Here is a listing of the other plants introduced to the Garden for the first time in the Fall of 1909 (this being the first reference to them in her Garden Log). All native to Minnesota but two are questionable as to how they arrived - notes below. Only a few are noted as extant.

The following two plants, were observed in the Garden for the first time:

On Sept. 23rd she recorded finding six giant puffballs with the largest weighing over three pounds.

Temperatures in the fall fluctuated above and below average but early October saw a significant dip below average and she recorded a severe freeze on October 16. Precipitation was adequate and the year ended with a snow depth of over 10 inches. A major storm in mid-November dropped 10 inches of snow followed by several significant snowfalls in December.

Thus ended a year of major accomplishments for the Garden by Eloise Butler.


Bog Rosemary
Bog Rosemary (Andromeda polifolia) Photo ©Joanne Kline, Wisconsin Flora.
Purple Milkwort
Purple Milkwort (Polygala sanguinea) Photo ©Merel R. Black, Wisconsin Flora.
Whorled Milkwort
Whorled Milkwort (Polygala verticillata) Photo ©Emmet J. Judziewicz, Wisconsin Flora.

Photo top of page: The original Garden "Office" viewed from a woodland path - Photo taken by Martha Crone May 15, 1952, courtesy Martha Crone Collection, MHS.

Previous Year ----------- Subsequent Year

Links to related pages:
- Abbreviated Life of Eloise Butler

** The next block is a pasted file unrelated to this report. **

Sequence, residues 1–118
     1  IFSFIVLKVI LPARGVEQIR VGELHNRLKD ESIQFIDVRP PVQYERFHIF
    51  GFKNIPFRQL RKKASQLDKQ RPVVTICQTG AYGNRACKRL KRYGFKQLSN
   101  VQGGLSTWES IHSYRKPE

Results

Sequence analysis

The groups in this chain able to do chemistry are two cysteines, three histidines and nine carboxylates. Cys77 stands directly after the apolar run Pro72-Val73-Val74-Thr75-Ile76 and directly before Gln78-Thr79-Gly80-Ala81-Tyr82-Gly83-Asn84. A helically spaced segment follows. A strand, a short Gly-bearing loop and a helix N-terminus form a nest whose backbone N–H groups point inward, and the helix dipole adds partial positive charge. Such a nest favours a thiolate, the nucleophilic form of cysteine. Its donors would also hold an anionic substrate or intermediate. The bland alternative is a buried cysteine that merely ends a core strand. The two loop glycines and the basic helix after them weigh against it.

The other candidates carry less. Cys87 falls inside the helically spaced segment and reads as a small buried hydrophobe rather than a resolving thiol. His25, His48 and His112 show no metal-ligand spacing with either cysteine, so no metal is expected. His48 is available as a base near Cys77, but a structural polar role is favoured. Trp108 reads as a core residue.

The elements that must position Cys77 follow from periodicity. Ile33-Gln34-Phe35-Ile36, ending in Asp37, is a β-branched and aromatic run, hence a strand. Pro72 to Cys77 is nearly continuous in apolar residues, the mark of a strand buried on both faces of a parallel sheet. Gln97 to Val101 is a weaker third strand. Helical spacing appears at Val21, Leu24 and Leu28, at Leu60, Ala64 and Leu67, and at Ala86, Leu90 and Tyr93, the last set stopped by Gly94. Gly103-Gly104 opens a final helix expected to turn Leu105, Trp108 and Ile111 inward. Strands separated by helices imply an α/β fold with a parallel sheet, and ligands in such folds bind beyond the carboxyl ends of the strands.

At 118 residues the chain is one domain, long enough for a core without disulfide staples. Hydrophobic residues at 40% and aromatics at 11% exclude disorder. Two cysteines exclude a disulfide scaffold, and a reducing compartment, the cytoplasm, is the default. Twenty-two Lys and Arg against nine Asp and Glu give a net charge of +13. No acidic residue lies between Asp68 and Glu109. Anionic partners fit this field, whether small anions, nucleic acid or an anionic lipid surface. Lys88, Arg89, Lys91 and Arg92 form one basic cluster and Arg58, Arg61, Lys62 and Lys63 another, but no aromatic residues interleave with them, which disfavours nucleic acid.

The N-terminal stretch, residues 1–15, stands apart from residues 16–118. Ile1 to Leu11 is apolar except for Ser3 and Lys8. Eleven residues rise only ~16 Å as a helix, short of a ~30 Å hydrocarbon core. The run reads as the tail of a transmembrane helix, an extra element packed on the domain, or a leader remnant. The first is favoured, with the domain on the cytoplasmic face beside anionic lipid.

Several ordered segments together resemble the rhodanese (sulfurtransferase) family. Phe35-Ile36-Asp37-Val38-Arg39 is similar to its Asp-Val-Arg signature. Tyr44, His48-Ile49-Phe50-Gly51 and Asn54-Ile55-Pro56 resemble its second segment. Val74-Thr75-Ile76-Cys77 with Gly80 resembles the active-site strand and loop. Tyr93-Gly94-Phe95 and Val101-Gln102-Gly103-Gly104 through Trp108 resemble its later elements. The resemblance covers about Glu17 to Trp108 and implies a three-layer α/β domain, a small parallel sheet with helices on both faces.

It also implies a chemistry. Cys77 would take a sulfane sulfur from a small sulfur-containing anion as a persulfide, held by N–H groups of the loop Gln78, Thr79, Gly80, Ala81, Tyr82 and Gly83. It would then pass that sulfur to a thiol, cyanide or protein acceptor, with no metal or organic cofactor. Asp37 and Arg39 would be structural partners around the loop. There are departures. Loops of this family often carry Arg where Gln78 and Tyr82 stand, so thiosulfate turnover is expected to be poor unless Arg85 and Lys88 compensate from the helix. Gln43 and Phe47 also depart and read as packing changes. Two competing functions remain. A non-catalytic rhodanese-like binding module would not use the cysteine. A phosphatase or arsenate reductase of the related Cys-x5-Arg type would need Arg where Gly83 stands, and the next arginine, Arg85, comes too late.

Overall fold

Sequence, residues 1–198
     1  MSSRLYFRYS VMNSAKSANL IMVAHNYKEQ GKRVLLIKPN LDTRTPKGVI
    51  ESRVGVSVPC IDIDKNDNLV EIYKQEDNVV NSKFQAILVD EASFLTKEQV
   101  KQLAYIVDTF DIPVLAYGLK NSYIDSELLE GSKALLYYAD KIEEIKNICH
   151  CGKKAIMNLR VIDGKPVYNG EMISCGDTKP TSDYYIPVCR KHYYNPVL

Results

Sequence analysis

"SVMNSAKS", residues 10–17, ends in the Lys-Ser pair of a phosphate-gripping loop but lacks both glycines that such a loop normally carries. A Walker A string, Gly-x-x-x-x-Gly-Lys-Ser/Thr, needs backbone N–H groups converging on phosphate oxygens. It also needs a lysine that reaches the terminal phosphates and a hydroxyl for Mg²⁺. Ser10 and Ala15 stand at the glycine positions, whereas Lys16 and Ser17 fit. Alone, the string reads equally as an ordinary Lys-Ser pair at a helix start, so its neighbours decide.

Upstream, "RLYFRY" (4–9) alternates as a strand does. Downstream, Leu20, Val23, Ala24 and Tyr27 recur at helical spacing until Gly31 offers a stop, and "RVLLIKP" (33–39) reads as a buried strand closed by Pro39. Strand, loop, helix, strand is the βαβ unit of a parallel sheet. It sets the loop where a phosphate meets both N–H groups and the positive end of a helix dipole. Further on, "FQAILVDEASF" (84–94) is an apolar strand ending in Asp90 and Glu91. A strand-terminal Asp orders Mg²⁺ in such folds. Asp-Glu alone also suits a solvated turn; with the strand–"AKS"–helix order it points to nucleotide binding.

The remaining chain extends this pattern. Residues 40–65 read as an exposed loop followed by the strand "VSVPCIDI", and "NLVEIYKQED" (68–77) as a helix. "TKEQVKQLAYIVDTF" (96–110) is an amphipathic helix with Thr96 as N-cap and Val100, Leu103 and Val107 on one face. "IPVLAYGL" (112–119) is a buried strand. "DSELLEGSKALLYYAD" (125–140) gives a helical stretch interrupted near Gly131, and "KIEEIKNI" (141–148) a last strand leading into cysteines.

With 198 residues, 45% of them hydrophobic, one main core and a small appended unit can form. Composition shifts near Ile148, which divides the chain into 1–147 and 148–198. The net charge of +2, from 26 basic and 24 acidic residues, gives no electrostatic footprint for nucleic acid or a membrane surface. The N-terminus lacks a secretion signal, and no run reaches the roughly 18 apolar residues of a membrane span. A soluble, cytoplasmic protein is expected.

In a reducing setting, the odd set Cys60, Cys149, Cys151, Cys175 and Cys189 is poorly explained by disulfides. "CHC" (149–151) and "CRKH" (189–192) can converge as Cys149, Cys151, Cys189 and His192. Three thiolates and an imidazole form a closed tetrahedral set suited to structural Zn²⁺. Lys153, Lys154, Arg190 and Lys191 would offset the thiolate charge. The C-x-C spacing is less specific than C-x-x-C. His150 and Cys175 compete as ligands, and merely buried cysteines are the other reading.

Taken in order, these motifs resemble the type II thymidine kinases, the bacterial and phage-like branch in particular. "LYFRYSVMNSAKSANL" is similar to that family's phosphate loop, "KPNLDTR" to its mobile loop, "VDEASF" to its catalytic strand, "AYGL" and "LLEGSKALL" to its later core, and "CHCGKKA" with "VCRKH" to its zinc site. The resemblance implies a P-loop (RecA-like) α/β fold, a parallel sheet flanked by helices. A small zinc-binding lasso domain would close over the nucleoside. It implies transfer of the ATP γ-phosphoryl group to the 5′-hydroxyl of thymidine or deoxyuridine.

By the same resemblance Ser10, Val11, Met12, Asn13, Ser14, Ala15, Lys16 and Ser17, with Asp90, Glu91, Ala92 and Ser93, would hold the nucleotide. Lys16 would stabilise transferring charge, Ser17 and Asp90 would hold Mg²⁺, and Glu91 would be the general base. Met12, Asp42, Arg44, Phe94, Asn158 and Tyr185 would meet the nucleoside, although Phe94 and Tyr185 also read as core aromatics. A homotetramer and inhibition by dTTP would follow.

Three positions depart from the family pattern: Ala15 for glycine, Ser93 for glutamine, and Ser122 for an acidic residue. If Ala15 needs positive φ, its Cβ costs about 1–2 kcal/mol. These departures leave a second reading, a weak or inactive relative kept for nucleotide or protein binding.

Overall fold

- Martha Crone - 2nd Garden Curator
- Ken Avery - 3rd Curator and Gardener
- Cary George - 4th Gardener
- Our Native Plant Reserve - Short document on the origins of the Garden.
- Eloise Butler's writings, a selection of essays written by Eloise Butler on the early Garden years.
- Geography of the Garden- an illustrated tour

References:

Garden Log - Native Plant Reserve, Glenwood Park, Minneapolis, MN by Eloise Butler

Martha Crone's Garden Log and her 1951 Census of plants in the Garden.

Various papers and correspondence of Eloise Butler in the collection of the Minnesota Historical Society.

Historical Climatology of Minneapolis-St. Paul Area by Charles Fisk.

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©2017 Friends of the Wild Flower Garden, Inc. All photos are the property of The Friends unless otherwise credited. Photos credited to others are used with permission for educational purposes, for which The Friends thank them and the organization providing the photos. Text and research by Gary Bebeau. "http://www.friendsofthewildflowergarden.org" - 091917